Sponsorships are available.  For more information about these opportunities to support community television, contact station manager Charles Scott at 336-657-0825.

Alleghany County Fiddlers Convention


This weekend marks the 21th anniversary of the Alleghany County Fiddlers Convention.  A fundraiser for the Sparta Fire Department and the Alleghany County fairgrounds, the festival brings in some of the best musicians in the area and often from abroad.  The festivities kick off at 5:00 pm on Friday, July 17th.  Events begin on Saturday at 10:00 am and wrap up around 11:30 pm.

1st Alleghany Fiddlers Convention 1995

1st Alleghany Fiddlers Convention 1995

Alleghany County has a rich history of traditional music.  Whether you taste leans toward bluegrass or old-time music, you are certain to find that taste satisfied in Sparta this weekend.


For more information click here

Arvie Perry – CJ Hardware

For those that lean toward a nostalgic view of life, it is often difficult to reconcile a desire to view life through the rearview mirror against the current and future realities.  We sometimes cling to the past with the hope that the “good ole days” will circle back around.

Businesses aren’t immune to this mindset.  Their challenge is to hold to those past practices that generated their success while adapting to the future.  Arvie Perry continues to demonstrate this adaptable mindset in both his personal and professional roles.

Arvie is a native of Alleghany County in its purest form.  He was born at Alleghany Memorial Hospital and has lived in the area his whole life.  He spent 28 years as a mason laying brick, block and stone.  Masonry is a vocation that requires repetitive movements, heavy lifting, and exposure to all types of weather.  By 2008, Arvie was facing surgery and described himself as “worn out.”  An opportunity to change careers presented itself in the form of CJ Hardware.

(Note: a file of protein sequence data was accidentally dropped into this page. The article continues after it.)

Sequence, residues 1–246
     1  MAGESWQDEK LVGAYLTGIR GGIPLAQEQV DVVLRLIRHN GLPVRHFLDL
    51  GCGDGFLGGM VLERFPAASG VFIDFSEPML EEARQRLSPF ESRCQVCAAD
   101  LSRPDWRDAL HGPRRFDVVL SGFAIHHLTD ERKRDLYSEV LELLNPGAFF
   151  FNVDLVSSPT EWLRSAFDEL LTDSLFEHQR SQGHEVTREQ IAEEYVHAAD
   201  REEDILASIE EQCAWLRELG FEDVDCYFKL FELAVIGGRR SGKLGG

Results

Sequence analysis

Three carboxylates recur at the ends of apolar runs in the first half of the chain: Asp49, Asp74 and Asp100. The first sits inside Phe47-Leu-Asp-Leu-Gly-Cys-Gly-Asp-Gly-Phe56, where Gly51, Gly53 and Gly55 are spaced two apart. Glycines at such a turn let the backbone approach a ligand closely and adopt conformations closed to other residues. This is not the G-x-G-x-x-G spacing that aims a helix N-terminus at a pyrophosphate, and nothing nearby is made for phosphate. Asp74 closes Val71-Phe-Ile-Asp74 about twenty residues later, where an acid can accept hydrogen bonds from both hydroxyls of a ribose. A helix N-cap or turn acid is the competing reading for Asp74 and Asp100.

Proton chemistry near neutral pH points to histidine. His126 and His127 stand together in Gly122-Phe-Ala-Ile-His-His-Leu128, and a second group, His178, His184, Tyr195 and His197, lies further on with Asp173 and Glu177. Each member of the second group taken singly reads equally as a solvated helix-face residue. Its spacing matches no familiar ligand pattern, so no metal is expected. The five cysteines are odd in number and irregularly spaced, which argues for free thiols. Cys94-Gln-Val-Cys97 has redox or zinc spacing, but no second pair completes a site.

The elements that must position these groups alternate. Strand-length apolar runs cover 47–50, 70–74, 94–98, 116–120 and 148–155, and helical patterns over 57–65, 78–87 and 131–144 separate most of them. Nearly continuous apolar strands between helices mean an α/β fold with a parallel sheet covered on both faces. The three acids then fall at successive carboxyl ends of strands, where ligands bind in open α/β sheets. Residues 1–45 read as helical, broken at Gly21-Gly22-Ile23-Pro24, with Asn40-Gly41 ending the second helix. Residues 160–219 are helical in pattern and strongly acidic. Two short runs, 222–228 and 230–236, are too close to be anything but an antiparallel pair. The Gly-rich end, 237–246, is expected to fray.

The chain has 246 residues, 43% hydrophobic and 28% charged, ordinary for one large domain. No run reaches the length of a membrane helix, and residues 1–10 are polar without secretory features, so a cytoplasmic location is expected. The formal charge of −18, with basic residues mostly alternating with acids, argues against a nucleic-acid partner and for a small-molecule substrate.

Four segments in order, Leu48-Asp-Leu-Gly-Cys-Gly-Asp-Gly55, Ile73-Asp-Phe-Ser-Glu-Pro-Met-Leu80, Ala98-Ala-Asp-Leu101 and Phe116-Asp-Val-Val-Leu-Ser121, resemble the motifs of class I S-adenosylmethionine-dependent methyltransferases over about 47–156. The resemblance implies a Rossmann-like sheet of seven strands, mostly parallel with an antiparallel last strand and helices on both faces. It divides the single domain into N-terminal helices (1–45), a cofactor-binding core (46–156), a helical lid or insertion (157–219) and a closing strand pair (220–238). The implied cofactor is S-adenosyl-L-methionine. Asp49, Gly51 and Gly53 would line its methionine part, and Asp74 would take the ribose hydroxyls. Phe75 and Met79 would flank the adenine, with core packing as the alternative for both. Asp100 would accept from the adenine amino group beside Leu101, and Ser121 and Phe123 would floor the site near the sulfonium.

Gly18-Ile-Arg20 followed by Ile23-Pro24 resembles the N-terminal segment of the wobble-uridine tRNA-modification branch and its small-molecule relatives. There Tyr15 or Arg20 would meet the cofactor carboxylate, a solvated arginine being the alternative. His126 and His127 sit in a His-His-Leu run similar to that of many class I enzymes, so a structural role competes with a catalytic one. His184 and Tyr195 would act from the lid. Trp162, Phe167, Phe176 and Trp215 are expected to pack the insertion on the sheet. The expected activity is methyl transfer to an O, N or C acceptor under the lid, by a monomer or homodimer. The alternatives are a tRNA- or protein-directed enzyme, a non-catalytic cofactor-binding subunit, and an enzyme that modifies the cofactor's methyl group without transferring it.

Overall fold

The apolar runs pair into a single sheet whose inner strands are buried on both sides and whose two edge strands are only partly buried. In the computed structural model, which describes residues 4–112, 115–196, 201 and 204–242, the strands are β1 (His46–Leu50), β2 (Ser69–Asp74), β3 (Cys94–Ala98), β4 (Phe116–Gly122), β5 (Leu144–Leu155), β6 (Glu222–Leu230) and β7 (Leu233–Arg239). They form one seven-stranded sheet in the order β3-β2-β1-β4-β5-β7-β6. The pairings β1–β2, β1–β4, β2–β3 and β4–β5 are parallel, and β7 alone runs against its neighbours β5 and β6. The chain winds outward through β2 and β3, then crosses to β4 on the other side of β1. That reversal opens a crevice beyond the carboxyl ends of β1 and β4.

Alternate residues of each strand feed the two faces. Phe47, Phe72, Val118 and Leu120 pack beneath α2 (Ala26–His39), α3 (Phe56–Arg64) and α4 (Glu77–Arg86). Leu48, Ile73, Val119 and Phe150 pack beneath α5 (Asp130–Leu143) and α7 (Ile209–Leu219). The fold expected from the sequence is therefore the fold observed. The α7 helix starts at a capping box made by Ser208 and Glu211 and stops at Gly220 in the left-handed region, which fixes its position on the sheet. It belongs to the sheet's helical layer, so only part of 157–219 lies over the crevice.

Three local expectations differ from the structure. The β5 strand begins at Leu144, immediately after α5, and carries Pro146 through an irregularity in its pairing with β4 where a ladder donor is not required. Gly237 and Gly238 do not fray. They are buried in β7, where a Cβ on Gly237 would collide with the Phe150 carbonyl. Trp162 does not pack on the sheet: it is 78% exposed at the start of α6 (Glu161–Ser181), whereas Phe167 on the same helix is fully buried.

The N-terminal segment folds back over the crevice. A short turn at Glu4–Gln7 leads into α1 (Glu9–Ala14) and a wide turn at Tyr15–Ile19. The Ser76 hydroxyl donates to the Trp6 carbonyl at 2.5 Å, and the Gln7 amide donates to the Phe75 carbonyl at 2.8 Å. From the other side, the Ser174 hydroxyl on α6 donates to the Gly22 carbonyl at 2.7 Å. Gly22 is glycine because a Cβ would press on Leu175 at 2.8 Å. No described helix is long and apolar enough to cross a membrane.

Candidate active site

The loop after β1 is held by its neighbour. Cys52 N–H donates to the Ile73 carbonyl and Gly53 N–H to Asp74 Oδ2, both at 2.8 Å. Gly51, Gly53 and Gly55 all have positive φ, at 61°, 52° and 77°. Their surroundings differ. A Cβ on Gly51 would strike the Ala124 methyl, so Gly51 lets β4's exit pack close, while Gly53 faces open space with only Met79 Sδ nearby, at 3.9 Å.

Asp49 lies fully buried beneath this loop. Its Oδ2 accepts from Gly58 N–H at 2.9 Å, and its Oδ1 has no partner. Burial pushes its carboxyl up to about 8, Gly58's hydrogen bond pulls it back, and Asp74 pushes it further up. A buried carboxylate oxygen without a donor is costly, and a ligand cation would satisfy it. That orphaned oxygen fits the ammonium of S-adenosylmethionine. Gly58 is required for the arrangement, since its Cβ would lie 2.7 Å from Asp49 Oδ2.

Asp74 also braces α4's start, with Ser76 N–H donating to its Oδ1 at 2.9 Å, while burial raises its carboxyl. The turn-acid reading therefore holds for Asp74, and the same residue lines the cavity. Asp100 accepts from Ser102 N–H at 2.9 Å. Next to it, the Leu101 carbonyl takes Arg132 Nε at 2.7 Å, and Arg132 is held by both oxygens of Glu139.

CJ Hardware was opened in 1950 by its namesake, Clarence J. Hendrix.  The store passed from Clarence to his son, Roger and then on to Jackie Billings.  In 2008, as Arvie was looking for a change, the store became available.

As Arvie and Jackie worked out the details of the transition, Arvie spent many evenings and Saturdays learning about the hardware business.  Arvie’s wife, Lynn, came on board to help with the administrative duties.  Lynn setup the bookkeeping and payroll system.  She handled much of the stock orders which are now almost completely web based.  Arvie says without a hint of doubt that he could never made it all work without Lynn.

CJ’s continues to maintain the look and feel of a traditional hardware store.  A bench out front encourages loafers to sit a while.  The smell of livestock feed and fertilizer feels the air.  Muskrat traps, hand tools and fence posts are available.  Chain saws can be bought, serviced or sharpened.  As a member of the Southern States Coop, the store offers those that farm for a living or as a hobby just about anything they need.


It is not unusual for customers to have to step over or around one of two large German Shepherds that hangout in the store.  The dogs generally ignore the resident cat, CJ.  Arvie considers the store pet friendly and describes how virtually every type of pet has wandered the aisles at some point in time.  He tells of a customer who brought in a chick in the hopes of the store’s staff diagnosing the chick’s aliment.


When asked what others, especially those who don’t know him well, would be surprised to know about Arvie, one of his employees said that although “Arvie can come across as gruff and tough, he is actually very caring.”  He points out that Arvie is quick to offer help to any number of local charitable and community groups.


Arvie Perry has struck a near perfect balance of holding to traditions while embracing a changing business and social environment.  He has surrounded himself with those that can help him make CJ Hardware successful.  His two sons, Jacob and Derek, assist customers and manned the computer.  Bilingual staff assists Spanish speaking patrons and help them feel welcome.  Practical advice on a wide range of farm and garden activity is given freely.  Customer service is a value that is demonstrated as opposed to one that is simply talked about.

CJ Hardware is a 1950s store firmly aware of what it takes to succeed in 2015.  While the store is stocked with a fascinating mixture of goods for sale, adaptability and innovation are the most valuable commodities found at CJs.  But those aren’t tucked away on a shelf – Arvie and his staff display them every day in a way that is Absolutely Alleghany.




CJ map

CJ Hardware is located 124 Memorial Drive, Sparta, NC